Bill Gates and Warren Buffett want to build a new kind of nuclear reactor to generate electricity. Why? Because the wind doesn’t always blow and the sun doesn’t always shine. They intend to plunk their new toy down in the state of Wyoming on the former site of a coal-fired generating plant.

“This is our fastest and clearest course to becoming carbon negative,” says Wyoming’s governor Mark Gordon. “Nuclear power is clearly a part of my all-of-the-above strategy for energy.” Wyoming is the top coal producing state in America.

According to The Guardian, the new facility will be a joint venture between TerraPower, founded by Gates 15 years ago, and PacifiCorp, a Berkshire Hathaway-owned utility that serves customers in Wyoming, Idaho, Utah, California, Oregon, and Washington.

Small advanced reactors, which run on different fuels than traditional reactors, are regarded by some as a critical carbon-free technology that can supplement intermittent power sources like wind and solar as states strive to cut emissions that cause climate change. “We think Natrium will be a game-changer for the energy industry,” Gates told a media conference in Cheyenne, Wyoming this week.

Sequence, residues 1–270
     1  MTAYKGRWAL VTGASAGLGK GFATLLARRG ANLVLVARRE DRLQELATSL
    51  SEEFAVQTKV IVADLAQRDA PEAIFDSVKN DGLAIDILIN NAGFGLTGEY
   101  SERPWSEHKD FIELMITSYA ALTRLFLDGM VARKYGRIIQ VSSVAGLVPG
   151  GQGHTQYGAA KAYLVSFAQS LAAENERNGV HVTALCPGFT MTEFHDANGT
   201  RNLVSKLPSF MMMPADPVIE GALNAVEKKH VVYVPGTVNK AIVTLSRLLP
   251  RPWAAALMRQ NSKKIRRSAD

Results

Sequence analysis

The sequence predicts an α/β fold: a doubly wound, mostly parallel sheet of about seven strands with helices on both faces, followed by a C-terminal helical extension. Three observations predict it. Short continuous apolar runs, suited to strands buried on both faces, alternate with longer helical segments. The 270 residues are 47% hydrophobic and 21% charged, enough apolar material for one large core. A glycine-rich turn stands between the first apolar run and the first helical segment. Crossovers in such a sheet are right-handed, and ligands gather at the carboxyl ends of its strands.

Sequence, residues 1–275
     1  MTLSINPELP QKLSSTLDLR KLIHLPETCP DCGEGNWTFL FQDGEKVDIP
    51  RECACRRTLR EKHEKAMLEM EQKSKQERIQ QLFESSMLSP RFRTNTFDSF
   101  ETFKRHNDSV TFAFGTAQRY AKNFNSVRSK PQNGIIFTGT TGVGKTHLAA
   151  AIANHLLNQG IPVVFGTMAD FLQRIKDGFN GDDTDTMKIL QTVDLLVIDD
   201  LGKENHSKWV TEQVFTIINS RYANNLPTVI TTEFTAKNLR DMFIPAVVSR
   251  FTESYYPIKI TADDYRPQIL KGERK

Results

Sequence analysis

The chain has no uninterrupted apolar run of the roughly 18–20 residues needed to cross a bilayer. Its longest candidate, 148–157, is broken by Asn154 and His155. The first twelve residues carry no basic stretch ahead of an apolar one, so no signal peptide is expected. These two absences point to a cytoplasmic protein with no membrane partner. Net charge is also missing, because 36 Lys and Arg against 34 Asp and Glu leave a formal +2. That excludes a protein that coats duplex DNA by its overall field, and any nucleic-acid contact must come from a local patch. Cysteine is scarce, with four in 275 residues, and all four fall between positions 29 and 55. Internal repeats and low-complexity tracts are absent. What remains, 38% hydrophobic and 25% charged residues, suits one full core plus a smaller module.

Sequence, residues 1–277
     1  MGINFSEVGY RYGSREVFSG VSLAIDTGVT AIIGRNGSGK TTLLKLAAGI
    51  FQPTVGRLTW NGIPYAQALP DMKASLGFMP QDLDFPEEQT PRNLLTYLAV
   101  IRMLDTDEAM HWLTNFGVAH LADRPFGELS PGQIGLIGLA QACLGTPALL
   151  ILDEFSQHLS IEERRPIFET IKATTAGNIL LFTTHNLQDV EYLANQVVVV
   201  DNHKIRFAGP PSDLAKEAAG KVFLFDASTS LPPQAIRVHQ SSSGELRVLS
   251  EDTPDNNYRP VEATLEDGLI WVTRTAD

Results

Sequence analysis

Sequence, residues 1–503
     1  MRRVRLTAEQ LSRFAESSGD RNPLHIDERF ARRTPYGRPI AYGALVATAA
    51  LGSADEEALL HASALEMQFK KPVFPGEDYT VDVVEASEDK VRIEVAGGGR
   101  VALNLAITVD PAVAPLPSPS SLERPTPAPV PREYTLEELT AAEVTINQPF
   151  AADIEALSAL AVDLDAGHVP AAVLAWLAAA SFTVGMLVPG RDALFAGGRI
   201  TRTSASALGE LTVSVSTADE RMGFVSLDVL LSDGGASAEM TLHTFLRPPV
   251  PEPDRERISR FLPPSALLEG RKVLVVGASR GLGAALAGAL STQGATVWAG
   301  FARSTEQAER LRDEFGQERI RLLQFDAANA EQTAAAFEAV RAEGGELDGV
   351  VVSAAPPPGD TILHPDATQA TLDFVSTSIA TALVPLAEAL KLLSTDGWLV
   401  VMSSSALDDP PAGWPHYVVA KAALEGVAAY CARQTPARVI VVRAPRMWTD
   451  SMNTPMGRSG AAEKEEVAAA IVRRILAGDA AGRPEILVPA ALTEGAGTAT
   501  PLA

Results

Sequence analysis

PacifiCorp service area. Image credit: SEC

345 Megawatts

The Guardian says the new generating station will produce 345 megawatts of electricity, but the output can be boosted by a molten salt energy storage component to 500 megawatts. The primary feature of the so-called Natrium technology is that it uses sodium to cool the reactor instead of water. Natrium is the Latin word for sodium, which is why its symbol on the periodic table of elements is Na.